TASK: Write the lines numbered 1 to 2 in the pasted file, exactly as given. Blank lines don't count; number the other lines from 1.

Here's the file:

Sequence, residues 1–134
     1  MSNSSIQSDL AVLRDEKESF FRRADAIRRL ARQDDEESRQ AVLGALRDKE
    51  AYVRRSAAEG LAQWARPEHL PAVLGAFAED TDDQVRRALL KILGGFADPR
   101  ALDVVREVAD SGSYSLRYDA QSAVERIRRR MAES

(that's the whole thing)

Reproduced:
Sequence, residues 1–134
     1  MSNSSIQSDL AVLRDEKESF FRRADAIRRL ARQDDEESRQ AVLGALRDKE